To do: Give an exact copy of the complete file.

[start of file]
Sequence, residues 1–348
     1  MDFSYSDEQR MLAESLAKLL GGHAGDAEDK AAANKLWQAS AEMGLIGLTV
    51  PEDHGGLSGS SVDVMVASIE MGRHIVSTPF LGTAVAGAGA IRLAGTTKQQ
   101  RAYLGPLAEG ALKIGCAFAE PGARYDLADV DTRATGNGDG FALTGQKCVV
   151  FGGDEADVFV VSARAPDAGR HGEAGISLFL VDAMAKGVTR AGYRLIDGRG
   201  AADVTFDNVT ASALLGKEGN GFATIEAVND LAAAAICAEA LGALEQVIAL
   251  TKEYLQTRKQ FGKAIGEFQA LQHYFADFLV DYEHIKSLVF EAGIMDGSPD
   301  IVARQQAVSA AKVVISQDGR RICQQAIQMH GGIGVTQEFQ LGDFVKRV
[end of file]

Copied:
Sequence, residues 1–348
     1  MDFSYSDEQR MLAESLAKLL GGHAGDAEDK AAANKLWQAS AEMGLIGLTV
    51  PEDHGGLSGS SVDVMVASIE MGRHIVSTPF LGTAVAGAGA IRLAGTTKQQ
   101  RAYLGPLAEG ALKIGCAFAE PGARYDLADV DTRATGNGDG FALTGQKCVV
   151  FGGDEADVFV VSARAPDAGR HGEAGISLFL VDAMAKGVTR AGYRLIDGRG
   201  AADVTFDNVT ASALLGKEGN GFATIEAVND LAAAAICAEA LGALEQVIAL
   251  TKEYLQTRKQ FGKAIGEFQA LQHYFADFLV DYEHIKSLVF EAGIMDGSPD
   301  IVARQQAVSA AKVVISQDGR RICQQAIQMH GGIGVTQEFQ LGDFVKRV